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Yes it can. But...

Reader comment on item: Can Islam Be Reformed?

Submitted by Alain Jean-Mairet (Switzerland), Jul 3, 2013 at 06:27

As you say, pragmatists (or moderates) have a fundamental weakness: their interpretation is "not comprehensively rooted in or derived from the foundational, constitutional texts of Islam. Based on compromises and half measures, it always remained vulnerable to challenge by purists." And purists are first and foremost people who actually know, and then literally follow and respect, the "foundational, constitutional texts of Islam."

Whatever Muslims invent for reforming their religion, if they also recommend to have faith in it, to follow its most basic practice, in a modern world, they are going to multiply the number of people to know the content of the said texts, and thus the number and influence of (potential) purists.
In the past, when very few people were able to read, one could easily ignore some parts of the texts, or invent some new parts, or tweak the tradition and/or its interpretation. Those days are gone. The texts are now there, ready to be read by almost anyone, in almost any language, forever. So if you encourage the practice or just respect of Islam, you obligatorily strengthen the central source of purists' success.

It is a terrible uphill battle. Against very strong odds. And it blurs the frontier between moderates and purists: both are promoting the basic belief, in God and Mohamed, both are working towards more Islam, more informed Muslims, and a better reputation for Islam as a whole. And no-one can really say before it's very late in the day how many of the so-called moderates are sincere and how many still hope in the rise of standard Islam.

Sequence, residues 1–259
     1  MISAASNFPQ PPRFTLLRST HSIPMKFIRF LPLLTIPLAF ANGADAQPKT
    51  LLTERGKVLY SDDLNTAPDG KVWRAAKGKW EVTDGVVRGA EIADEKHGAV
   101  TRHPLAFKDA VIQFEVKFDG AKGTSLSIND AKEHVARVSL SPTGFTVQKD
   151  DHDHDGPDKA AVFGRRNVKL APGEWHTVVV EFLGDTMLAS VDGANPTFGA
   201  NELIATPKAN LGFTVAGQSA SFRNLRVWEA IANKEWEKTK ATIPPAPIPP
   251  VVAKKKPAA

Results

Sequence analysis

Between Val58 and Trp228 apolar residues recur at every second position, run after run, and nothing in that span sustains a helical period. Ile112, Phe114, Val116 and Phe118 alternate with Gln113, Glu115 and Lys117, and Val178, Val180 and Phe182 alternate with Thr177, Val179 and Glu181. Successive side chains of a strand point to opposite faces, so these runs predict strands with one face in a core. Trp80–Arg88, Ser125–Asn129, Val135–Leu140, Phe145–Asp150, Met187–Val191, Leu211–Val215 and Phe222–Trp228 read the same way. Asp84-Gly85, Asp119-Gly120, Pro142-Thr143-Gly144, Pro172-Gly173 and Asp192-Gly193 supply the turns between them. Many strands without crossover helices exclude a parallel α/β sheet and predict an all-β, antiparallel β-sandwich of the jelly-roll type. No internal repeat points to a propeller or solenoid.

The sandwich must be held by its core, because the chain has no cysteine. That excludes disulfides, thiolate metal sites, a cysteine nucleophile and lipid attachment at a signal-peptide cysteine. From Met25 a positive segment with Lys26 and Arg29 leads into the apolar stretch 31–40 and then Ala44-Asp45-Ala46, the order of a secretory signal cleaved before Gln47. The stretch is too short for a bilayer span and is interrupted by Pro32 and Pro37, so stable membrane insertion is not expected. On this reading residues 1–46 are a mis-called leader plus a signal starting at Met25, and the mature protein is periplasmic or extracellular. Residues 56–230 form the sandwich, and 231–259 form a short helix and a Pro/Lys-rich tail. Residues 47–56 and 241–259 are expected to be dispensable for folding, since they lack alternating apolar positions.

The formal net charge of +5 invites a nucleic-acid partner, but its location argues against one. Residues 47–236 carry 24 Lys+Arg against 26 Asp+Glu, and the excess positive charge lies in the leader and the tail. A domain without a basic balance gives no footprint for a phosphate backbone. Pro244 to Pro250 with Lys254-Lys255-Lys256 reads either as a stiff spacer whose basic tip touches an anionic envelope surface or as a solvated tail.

To the point that it seems unreasonable to support anyone who is promoting Islam, in any way or form, today.

What could be worth supporting, among Muslims, in a modern world, with modern means, is the search for the truth about Islam, about its prophet and its "foundational, constitutional texts." Showing to Muslims that their beliefs are just that, beliefs, with no concrete reality. That there were no Mohamed, no Islam, and no Muslims around before the end of the 7th Century. We have to weaken the belief in those texts for supporting true reformers. All the rest always favors purists, too. Islam(dom) can change indeed, but only if (most) Muslims stop believing that its texts are telling the truth. That is the challenge.


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